Nursing Home

By Nick Gilmore

Published: 22 Mar, 2024

Friday

All seemed peaceful at The Home today when I arrived. The senior nurses were in the Pre-Shift-Transition-Handover-Briefing Meeting so only waves were exchanged as I passed their office.

Audrey greeted me cheerily and felt compelled to offer me some advice as I passed through the rear lounge.

“You will behave yourself won’t you?

She gave me a look and we both laughed.

“I think the chances of that are fairly slim, don’t you?”

That made her laugh even more.

Mum greeted me with “Ooh, I’m pleased you’re here” and she reached for my hand. She recoiled instantly though.

“Cor blimey! Your hands are cold!”

She was well on her way out of her Sleepy phase but wasn’t fully in her Calm & Lucid phase yet. The visit started with a few repetitions of “Don’t leave me on me own” and “You will stay with me” before moving on to “I’m nearly done with this place” and “I’ll be leaving soon”. And with that, she’d reached the limit of intelligible speech. I couldn’t understand a word after that.

I did the routine pillow rearrangement and she agreed it was much better but she still wasn’t comfortable. There was a short guessing game to work out what was wrong and it turned out to be her legs. They’re stiff and sore. Hardly surprising as hasn’t moved at all for three days. In fact, aside from being weighed every week, I doubt she’s been out of bed more than a handful of times since August.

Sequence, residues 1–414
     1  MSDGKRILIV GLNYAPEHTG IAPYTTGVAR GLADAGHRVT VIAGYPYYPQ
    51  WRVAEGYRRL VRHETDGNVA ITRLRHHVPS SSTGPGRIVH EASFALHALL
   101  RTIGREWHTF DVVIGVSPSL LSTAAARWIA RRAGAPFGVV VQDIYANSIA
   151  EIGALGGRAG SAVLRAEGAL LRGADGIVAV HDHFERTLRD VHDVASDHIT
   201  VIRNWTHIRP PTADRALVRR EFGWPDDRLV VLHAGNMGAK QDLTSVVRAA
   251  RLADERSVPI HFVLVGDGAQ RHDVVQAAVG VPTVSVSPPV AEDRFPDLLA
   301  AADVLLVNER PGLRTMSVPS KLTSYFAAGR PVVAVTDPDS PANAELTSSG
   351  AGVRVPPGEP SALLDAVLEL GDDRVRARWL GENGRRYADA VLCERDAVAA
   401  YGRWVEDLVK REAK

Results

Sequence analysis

I asked her if she thought a little physiotherapy would help and suggested that I speak to the senior nurse on the day shift tomorrow. She nodded firmly in agreement. Just a bit too firmly for my liking. I know what that means. “I agree that it sounds like a good idea and you can ask if you like but if someone turns up to mess me about I’ll tell them to sod off”. Just like she did in hospital and at the previous nursing home.

She was responsive though and seemed to enjoy hearing about my day. She likes to hear how well The Dog is doing. Twice this morning we were complimented on how well-behaved she is now and we were even asked for training advice. This was from people who knew what an absolute handful our hound was when she first arrived.

With Eldest Sister due to visit on Sunday and a trip to Father-in-Law planned for tomorrow we had to plan ahead.

“Today was a cleaning day Mum. Couldn’t believe how much mud there was on the floor just inside the front door. And I think most of it was dropped by me!”

She smiled a ‘You’ve always been like that’ smile.

“But the dog hair Mum! You wouldn’t believe how much there was. It bunged up the vacuum cleaner. I pulled out enough hair to make a new dog!”

┬áThe night shift were now scurrying around getting people ready for bed and a carer I hadn’t spoken to before hovered at the door. Before she could go, I beckoned her in.

“Just so you know, never be afraid of interrupting if I’m here. If you’re ready to change Mum then I won’t get in your way. I don’t mind stepping outside for a few minutes.”

With the change completed, I went back in to Mum. She confirmed she was comfortable but we were joined by Shirley before we got much further.

“Hello Shirley! Are you alright?”

“I don’t know where I’m supposed to go. Everywhere looks like the wrong way”

“Well why don’t you come in here and sit down? You look worn out”